The UK's $3.5 billion aircraft carrier breaks down on day 2 of its US mission
The Royal Navy's largest aircraft carrier, HMS Prince of Wales, has broken down near its base of Portsmouth – on day two of its mission to the U.S., Business Insider reported.
The centerpiece of modern combat fleets, an aircraft carrier is a warship that is equipped with a full-length flight deck and facilities for deploying and recovering aircraft at sea. Since the carrier sails in international waters, it does not interfere with the sovereignty of nations, while also serving as an airbase for staging aerial operations, when required, with rapid response times.
Only 14 navies across the world currently operate aircraft carriers with a total of 47 carriers currently in active use. The U.S. Navy operates 11 of these aircraft carriers, each capable of carrying up to 80 aircraft. We have previously covered, the different classes of aircraft carriers that the U.S. has deployed in its naval history. In comparison, the Royal Navy has only two aircraft carriers, HMS Queen Elizabeth and HMS Prince of Wales.
HMS Prince of Wales
The HMS Prince of Wales is the Royal Navy's second Queen Elizabeth-class aircraft carrier and its construction began in 2011. Over a period of eight years, budget cuts threatened the ship from being rolled out to sea. Eventually, the warship was completed at a cost of three billion pounds (US$ 3.52 billion) and handed over to the Royal Navy in 2019.
The 65,000 tonne- (71,650 U.S. tons) warship's base is near Portsmouth on the southern coast of the U.K. Unlike other aircraft carriers, HMS Prince of Wales is not equipped with catapults or arrestor wires and is, therefore, a base for F-35B Lightning II stealth fighters, which have short take-off and vertical landing (STOVL) capabilities.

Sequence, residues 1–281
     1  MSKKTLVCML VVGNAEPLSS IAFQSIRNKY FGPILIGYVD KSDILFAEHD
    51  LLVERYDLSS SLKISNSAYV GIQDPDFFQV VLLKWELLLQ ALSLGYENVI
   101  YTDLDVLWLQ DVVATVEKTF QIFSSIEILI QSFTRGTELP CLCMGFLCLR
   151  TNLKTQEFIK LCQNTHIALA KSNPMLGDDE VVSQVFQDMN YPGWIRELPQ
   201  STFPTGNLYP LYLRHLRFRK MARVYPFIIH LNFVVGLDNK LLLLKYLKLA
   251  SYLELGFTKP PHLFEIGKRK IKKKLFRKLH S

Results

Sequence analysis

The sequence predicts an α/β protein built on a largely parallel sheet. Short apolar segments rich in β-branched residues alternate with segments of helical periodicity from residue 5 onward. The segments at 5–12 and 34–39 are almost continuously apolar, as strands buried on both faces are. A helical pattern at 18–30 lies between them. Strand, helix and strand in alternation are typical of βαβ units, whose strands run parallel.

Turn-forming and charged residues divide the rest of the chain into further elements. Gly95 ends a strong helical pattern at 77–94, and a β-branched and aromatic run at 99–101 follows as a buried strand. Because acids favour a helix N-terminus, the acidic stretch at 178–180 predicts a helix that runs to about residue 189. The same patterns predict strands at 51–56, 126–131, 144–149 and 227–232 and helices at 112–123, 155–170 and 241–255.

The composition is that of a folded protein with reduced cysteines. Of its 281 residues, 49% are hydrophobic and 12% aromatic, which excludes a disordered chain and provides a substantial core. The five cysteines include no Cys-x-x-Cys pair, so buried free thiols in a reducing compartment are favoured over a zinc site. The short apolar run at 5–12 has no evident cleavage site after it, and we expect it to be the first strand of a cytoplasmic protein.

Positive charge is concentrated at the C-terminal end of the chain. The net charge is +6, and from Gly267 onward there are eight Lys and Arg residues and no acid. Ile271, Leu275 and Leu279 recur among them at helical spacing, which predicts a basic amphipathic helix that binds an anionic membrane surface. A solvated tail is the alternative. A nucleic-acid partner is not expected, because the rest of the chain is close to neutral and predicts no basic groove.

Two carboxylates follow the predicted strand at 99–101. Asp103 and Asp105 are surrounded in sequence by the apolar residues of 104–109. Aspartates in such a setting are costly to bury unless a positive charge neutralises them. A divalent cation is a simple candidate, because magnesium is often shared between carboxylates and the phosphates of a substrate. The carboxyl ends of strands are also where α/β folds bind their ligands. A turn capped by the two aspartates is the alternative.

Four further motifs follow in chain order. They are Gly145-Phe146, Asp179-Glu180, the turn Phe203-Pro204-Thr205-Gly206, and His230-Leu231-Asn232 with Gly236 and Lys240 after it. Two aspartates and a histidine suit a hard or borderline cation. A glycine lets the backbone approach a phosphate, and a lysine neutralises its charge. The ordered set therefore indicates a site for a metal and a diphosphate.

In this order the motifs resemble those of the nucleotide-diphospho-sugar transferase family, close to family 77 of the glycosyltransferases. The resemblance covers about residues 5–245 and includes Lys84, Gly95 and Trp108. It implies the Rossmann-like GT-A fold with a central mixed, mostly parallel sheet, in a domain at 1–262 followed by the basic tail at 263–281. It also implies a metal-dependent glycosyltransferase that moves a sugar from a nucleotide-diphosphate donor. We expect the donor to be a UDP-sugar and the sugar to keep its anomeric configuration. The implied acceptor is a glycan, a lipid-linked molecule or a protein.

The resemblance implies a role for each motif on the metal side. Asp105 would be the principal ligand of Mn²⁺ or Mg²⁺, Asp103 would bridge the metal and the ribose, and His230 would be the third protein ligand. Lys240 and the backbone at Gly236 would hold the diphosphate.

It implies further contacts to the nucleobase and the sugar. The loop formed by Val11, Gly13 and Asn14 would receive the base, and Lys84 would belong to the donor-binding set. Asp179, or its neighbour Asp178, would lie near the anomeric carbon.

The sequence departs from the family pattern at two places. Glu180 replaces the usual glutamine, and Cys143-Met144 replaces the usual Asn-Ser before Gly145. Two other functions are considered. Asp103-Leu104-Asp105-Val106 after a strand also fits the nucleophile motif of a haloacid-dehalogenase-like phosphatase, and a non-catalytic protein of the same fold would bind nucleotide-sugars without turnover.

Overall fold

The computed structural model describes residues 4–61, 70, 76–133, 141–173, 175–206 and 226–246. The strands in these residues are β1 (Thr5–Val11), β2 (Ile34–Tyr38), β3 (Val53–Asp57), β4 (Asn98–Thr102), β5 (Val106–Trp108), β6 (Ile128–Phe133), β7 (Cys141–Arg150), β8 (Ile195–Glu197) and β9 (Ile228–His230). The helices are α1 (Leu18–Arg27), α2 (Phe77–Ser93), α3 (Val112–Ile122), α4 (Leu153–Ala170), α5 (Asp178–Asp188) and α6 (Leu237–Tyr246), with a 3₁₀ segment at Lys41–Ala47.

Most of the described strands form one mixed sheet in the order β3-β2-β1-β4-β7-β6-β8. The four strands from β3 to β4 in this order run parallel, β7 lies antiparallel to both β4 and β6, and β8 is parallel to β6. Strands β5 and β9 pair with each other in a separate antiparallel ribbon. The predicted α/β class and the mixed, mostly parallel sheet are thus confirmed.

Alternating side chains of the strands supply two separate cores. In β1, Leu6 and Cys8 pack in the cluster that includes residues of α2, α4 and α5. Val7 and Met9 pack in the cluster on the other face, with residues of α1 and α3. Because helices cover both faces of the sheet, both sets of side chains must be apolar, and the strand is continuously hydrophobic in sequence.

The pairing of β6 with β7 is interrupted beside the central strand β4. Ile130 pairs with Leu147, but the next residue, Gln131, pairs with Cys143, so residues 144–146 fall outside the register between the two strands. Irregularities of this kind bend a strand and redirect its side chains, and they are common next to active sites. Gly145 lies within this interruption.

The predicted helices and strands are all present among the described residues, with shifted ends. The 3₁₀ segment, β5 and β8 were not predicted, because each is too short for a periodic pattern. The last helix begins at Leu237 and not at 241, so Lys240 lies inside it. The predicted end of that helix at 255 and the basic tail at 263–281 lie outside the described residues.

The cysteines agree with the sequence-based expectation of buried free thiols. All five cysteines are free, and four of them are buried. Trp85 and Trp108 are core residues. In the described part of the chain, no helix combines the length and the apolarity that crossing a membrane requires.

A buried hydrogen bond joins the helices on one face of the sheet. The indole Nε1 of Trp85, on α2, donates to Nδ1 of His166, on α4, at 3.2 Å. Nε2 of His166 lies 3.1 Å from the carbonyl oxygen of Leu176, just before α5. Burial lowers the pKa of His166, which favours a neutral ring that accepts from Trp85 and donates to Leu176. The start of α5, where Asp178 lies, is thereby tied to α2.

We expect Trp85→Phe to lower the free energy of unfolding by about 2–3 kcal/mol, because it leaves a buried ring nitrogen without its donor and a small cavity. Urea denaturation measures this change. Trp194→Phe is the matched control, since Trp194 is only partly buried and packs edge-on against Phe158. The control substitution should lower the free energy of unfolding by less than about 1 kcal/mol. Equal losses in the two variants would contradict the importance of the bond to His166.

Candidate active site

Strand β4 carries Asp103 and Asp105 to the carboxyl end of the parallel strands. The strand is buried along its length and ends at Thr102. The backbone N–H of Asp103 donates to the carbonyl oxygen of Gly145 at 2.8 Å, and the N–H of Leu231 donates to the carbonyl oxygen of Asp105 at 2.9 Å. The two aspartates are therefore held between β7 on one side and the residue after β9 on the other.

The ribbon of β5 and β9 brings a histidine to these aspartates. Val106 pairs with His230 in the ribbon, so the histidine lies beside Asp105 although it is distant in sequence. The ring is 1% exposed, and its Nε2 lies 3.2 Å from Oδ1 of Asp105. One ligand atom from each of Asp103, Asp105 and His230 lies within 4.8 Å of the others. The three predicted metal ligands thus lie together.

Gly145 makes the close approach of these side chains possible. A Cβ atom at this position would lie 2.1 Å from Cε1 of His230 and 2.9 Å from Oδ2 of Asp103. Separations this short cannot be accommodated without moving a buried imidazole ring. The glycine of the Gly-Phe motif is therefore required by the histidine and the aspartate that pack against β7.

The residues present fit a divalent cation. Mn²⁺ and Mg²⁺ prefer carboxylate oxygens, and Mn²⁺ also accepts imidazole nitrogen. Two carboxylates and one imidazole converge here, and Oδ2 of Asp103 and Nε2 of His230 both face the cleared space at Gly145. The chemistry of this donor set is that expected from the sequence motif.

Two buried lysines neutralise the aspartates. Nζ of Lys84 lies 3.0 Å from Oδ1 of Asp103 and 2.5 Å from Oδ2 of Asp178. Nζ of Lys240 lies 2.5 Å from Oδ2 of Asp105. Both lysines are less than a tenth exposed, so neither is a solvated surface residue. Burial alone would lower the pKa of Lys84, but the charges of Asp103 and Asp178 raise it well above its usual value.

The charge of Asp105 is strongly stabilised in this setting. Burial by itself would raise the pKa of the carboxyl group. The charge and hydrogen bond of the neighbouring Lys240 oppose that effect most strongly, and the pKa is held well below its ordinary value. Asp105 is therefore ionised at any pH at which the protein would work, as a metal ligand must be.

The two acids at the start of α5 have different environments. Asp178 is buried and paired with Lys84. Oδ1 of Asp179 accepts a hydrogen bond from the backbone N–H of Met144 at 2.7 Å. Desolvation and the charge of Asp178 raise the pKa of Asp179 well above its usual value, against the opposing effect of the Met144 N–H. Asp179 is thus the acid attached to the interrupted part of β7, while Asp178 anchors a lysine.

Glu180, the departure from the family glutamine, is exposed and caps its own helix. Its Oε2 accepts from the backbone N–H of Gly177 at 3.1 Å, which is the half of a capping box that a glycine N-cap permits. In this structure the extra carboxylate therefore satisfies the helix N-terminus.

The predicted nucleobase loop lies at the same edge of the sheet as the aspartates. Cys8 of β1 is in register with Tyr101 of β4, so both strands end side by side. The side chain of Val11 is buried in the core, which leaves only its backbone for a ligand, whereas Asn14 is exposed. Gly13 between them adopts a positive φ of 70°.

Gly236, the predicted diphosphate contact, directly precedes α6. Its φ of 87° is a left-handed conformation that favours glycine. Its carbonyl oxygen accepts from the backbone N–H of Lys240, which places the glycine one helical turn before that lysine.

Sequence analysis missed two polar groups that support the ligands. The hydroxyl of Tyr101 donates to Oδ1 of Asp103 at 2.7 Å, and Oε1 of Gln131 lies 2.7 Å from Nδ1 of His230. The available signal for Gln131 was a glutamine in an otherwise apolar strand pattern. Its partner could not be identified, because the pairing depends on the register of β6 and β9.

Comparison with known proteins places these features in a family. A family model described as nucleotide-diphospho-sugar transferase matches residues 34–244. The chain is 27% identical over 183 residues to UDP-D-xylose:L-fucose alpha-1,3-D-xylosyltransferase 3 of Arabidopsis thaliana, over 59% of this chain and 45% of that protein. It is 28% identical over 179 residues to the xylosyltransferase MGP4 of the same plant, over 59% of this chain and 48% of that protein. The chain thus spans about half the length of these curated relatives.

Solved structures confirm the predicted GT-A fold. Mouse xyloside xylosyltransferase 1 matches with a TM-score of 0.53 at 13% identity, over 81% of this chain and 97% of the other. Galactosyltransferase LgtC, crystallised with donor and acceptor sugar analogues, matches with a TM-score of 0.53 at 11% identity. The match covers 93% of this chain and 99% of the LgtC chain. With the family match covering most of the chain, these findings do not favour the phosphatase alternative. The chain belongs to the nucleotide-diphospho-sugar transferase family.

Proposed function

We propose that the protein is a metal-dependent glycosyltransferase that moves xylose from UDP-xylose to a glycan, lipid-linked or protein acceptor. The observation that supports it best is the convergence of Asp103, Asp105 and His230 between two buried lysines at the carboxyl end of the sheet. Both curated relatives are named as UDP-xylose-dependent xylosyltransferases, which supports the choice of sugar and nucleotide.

Problems with the UK's largest warship
Shortly after its commissioning, the warship got stranded near Portsmouth in 2020, after its engine room was flooded and its electrics damaged. Another leakage incident meant that the warship, designated as NATO's flagship carrier earlier this year, spent less than 90 days at sea during its first two years of service.
On Sunday, the warship left its Portsmouth base as part of its four-month deployment to the U.S. During this time, the warship was expected to cross the Atlantic and stop at Halifax, Canada, while also making stoppages in New York and in the Caribbean. Its 1,600-strong crew is scheduled to train alongside the U.S. military, as well as the Royal Canadian Navy, in programs that will utilize the F-35 jets and unmanned systems, The Guardian reported.
However, on the second day of its deployment, the warship remained in the South Coast Exercise Area near its Portsmouth base, and divers have been deployed to inspect the technical fault with the ship. Navy Lookout, an independent news site, suggests the warship is likely to have a damaged propeller.
A spokesperson for the Royal Navy stated that HMS Prince of Wales is "receiving external support for ongoing investigations" and is expected to continue on its deployment in the coming days.